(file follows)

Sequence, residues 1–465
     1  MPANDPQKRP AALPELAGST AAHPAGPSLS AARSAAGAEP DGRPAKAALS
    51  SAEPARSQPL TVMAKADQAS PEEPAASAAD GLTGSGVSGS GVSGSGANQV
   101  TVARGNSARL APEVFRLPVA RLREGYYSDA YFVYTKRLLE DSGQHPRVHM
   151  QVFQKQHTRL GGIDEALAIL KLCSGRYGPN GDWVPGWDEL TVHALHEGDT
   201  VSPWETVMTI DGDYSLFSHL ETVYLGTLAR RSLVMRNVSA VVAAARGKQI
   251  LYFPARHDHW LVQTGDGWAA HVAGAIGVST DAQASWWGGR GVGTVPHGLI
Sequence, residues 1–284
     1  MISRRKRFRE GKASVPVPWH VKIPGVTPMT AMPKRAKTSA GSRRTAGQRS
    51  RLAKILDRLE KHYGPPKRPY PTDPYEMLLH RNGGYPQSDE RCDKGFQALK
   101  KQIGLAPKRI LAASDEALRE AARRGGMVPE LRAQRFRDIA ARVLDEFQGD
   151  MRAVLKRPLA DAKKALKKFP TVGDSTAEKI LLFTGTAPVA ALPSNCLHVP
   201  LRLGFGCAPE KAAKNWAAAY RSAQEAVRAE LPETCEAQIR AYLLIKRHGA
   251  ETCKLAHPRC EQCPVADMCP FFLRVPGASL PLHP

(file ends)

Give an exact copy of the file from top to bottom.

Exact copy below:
Sequence, residues 1–465
     1  MPANDPQKRP AALPELAGST AAHPAGPSLS AARSAAGAEP DGRPAKAALS
    51  SAEPARSQPL TVMAKADQAS PEEPAASAAD GLTGSGVSGS GVSGSGANQV
   101  TVARGNSARL APEVFRLPVA RLREGYYSDA YFVYTKRLLE DSGQHPRVHM
   151  QVFQKQHTRL GGIDEALAIL KLCSGRYGPN GDWVPGWDEL TVHALHEGDT
   201  VSPWETVMTI DGDYSLFSHL ETVYLGTLAR RSLVMRNVSA VVAAARGKQI
   251  LYFPARHDHW LVQTGDGWAA HVAGAIGVST DAQASWWGGR GVGTVPHGLI
Sequence, residues 1–284
     1  MISRRKRFRE GKASVPVPWH VKIPGVTPMT AMPKRAKTSA GSRRTAGQRS
    51  RLAKILDRLE KHYGPPKRPY PTDPYEMLLH RNGGYPQSDE RCDKGFQALK
   101  KQIGLAPKRI LAASDEALRE AARRGGMVPE LRAQRFRDIA ARVLDEFQGD
   151  MRAVLKRPLA DAKKALKKFP TVGDSTAEKI LLFTGTAPVA ALPSNCLHVP
   201  LRLGFGCAPE KAAKNWAAAY RSAQEAVRAE LPETCEAQIR AYLLIKRHGA
   251  ETCKLAHPRC EQCPVADMCP FFLRVPGASL PLHP